That was pretty much it for fireworks. Delegates had to be content with ovations every few minutes for one or another unctuous display of religiosity or militarism – e.g., a retired judge peddling CDs of a lachrymose C&W ballad, "The Streets of Baghdad" – that came to serve as an overriding theme of the proceedings. Much of it had a desperate air, as if continuing to insist that D-Day and the conquest of Iraq were pretty much separate battles in the same campaign for "Freedom" would eventually make that wishful thinking come true. The only similarly audible enthusiasm was for declaring that "traditional marriage is a legal and moral commitment between a natural man and a natural woman" (standards for "natural" not further explained) – and supporting legislation "to make it a felony to issue a marriage license ... or for a civil official to perform a marriage ceremony for a same-sex couple." (Just in case some wise-guy gay trial lawyer contemplates an end run, a floor amendment also felonized civil unions.)

The Big Hitters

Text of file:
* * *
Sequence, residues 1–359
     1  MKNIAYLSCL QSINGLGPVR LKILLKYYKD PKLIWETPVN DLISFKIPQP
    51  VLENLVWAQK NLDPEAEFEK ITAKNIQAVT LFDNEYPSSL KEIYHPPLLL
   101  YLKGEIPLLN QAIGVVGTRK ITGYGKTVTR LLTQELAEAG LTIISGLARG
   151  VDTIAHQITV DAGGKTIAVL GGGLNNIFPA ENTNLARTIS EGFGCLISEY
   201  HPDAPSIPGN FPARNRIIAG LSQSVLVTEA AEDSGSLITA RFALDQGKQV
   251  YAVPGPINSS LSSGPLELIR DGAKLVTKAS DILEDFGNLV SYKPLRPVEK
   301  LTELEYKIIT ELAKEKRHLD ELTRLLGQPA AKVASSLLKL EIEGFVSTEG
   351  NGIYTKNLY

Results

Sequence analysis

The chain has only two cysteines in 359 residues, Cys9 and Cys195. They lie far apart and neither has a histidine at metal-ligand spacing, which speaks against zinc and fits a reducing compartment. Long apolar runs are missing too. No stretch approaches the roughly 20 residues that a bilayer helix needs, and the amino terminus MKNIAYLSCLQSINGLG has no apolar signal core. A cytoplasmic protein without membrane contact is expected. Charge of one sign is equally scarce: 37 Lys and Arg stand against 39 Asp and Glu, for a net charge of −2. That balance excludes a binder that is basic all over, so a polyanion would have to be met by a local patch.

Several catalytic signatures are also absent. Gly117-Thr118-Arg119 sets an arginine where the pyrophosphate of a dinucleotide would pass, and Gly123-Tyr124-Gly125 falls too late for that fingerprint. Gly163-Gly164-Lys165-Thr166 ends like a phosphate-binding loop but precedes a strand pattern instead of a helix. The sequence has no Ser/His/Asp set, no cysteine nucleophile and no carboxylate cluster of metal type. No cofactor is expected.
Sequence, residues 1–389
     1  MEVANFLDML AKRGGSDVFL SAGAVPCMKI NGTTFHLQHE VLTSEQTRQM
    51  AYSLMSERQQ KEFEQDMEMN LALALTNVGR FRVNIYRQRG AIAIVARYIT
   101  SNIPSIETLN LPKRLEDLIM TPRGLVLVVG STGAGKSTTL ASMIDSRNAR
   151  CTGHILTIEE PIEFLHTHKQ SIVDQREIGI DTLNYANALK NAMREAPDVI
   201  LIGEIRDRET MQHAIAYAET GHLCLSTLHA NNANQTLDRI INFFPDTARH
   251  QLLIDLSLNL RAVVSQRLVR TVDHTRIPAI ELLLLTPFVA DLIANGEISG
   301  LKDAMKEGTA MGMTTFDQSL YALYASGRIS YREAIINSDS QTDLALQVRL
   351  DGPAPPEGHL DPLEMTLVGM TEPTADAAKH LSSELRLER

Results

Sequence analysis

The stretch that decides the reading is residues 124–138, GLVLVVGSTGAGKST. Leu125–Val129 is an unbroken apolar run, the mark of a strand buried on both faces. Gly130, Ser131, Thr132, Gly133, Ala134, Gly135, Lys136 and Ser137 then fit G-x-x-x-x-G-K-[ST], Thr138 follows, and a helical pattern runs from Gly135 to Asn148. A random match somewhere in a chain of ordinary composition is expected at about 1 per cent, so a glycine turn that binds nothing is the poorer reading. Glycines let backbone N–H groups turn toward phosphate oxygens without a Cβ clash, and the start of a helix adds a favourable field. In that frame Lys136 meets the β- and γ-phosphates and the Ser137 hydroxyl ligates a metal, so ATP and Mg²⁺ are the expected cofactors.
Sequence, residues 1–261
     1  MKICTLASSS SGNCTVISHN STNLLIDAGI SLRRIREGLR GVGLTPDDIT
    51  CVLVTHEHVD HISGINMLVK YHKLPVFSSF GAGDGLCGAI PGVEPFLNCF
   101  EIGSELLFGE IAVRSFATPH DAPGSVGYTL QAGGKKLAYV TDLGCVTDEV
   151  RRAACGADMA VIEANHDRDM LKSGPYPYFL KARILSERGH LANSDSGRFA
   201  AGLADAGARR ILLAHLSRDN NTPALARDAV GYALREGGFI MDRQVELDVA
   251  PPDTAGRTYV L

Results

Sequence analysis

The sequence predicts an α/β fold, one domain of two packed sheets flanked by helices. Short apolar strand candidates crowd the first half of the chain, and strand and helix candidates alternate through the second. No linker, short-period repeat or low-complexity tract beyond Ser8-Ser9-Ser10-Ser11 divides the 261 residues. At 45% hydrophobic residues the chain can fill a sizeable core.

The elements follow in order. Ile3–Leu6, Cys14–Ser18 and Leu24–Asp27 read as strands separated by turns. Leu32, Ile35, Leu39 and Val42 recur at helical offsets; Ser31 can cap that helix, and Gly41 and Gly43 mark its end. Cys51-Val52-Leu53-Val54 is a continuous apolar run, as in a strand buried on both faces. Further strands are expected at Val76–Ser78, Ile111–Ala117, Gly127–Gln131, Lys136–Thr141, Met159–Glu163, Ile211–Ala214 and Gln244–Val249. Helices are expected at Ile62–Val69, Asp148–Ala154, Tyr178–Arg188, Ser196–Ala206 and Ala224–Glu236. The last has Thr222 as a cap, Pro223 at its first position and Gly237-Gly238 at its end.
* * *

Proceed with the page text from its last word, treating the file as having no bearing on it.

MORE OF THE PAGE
Convention chair and state Sen. Jane Nelson quoted Harry Truman (no audible booing) to the effect that a party platform is "a contract between the people and the candidate," a notion the elected officials present honored more in the breach than the observance. Most notorious was Gov. Rick Perry, who gave a rousing "pro-conservative, pro-family, pro-life, pro-business" oration and then stepped down to explain to reporters that his proposal to fund public education by means of casino-style slot machines – in direct violation of a couple of explicit platform provisions and oodles of moralistically negative floor-buzz – is in fact a "contraction of gambling" because it would magically replace hundreds of thousands of "eight-liners" (which can pay off in merchandise) with "only" 40,000 racetrack slots. Sen. Kay Bailey Hutchison turned up to denounce gambling as leading to moral decadence, but allowed that she continues to support limited reproductive rights until "viability" of the fetus, a position stoutly rejected by the platform, which insists at ponderous length on the inviolable right to life of all human genetic material from stem cell forward, to infinity and beyond.